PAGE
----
Kuldeep Yadav’s challenge will begin when batsmen start to read him better, says Ravi Ashwin

“If you are successful, people will say it’s right. If you are not successful, people will have an opinion," says Ashwin.

Ravichandran Ashwin and Kuldeep Yadav
Kuldeep Yadav of India bowls watched by Ravichandran Ashwin. (Photo by Gareth Copley/Getty Images)

In the last eight years or so, Ravi Ashwin has easily been the best spinner in Test cricket and his statistics back him up. He has been picking up wickets for fun in the subcontinent and despite some failures outside Asia, the off-spinner is still rated very highly by a lot of experts.

Some youngsters coming through the ranks are have already taken over his place in the World Cup like Kuldeep Yadav and Yuzvendra Chahal. The 32-year-old has clearly taken this in the stride and is concentrating profusely on the longest format. He keeps providing his insights to these young leg-spinners to help them improve.


Ashwin believes that Kuldeep’s real struggle will begin when the batsmen will start reading him better. Every bowler encounters this situation, which in many ways is a make or break phase of their lives. The offie believes that Kuldeep will get through as there is a good support system currently.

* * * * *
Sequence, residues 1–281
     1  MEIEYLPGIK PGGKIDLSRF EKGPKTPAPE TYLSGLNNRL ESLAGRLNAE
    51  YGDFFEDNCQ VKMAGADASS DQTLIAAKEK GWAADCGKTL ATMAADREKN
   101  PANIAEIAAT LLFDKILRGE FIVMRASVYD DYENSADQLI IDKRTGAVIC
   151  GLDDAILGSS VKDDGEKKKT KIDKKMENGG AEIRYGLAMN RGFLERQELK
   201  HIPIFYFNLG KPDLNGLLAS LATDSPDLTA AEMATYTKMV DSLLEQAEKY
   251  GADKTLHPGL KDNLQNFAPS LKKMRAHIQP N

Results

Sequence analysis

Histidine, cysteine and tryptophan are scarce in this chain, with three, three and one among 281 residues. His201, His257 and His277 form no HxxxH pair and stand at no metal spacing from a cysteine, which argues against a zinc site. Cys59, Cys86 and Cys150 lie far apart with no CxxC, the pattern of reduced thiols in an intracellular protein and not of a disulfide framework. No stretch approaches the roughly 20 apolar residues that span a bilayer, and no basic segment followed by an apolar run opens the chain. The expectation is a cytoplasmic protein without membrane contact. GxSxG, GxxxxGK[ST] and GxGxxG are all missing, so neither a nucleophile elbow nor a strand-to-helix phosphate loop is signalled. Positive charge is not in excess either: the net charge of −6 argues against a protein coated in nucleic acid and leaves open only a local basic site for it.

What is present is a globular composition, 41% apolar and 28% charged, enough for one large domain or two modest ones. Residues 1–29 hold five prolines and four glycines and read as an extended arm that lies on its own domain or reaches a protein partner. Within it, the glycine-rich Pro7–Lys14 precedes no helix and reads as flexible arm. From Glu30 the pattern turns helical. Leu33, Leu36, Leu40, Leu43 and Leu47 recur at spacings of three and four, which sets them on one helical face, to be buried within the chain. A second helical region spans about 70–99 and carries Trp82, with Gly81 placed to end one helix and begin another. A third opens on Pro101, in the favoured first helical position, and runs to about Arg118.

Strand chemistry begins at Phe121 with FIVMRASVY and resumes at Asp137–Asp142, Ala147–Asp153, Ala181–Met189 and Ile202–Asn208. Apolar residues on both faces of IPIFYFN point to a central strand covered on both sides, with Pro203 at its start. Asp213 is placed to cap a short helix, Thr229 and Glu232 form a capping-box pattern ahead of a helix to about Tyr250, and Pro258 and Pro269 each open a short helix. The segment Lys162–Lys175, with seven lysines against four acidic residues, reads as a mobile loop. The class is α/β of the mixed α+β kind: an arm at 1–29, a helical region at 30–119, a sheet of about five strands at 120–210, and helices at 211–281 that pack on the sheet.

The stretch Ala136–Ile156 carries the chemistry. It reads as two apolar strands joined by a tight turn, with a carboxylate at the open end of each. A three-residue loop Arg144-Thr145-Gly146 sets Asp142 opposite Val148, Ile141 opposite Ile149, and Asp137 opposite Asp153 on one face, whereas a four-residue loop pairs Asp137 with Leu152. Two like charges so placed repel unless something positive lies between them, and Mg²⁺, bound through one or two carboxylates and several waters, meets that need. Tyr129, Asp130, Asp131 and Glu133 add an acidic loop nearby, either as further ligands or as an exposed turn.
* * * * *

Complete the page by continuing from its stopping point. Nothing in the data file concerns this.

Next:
“Kuldeep has leg break, googly and ability to deceive batsmen,” Ashwin was quoted as saying by Ahmedabad Mirror on Tuesday. “But challenge starts as batsmen will start reading him better. That’s when he will need to adapt but we have a good support system in place,” he added.

Not worried about what experts have to say

The Tamil Nadu cricketer has always been under immense scrutiny when he’s not bowling well. But he feels he is matured enough to battle these issues and is not worried about the expert opinions, which keeps varying depending on how his form is. He also said that he keeps a benchmark for himself and tries to battle that before anything else.

“If you are successful, people will say it’s right. If you are not successful, people will have an opinion. For the better part of my 150 wickets, experts kept on saying that I was trying variation when I knew I wasn’t doing it. These are opinion created by people for which I have to give answer to. I don’t have time for that anymore as I want to enjoy my game,” he said.

“I am always battling benchmarks that I have created for myself. Unfortunately, people don’t take that into account and I don’t expect them to do it. That’s never been an Indian way and I am not worried about it. I am still taking 5-6 wickets per Test and way more mature than what I was 25-27 months back,” he added.

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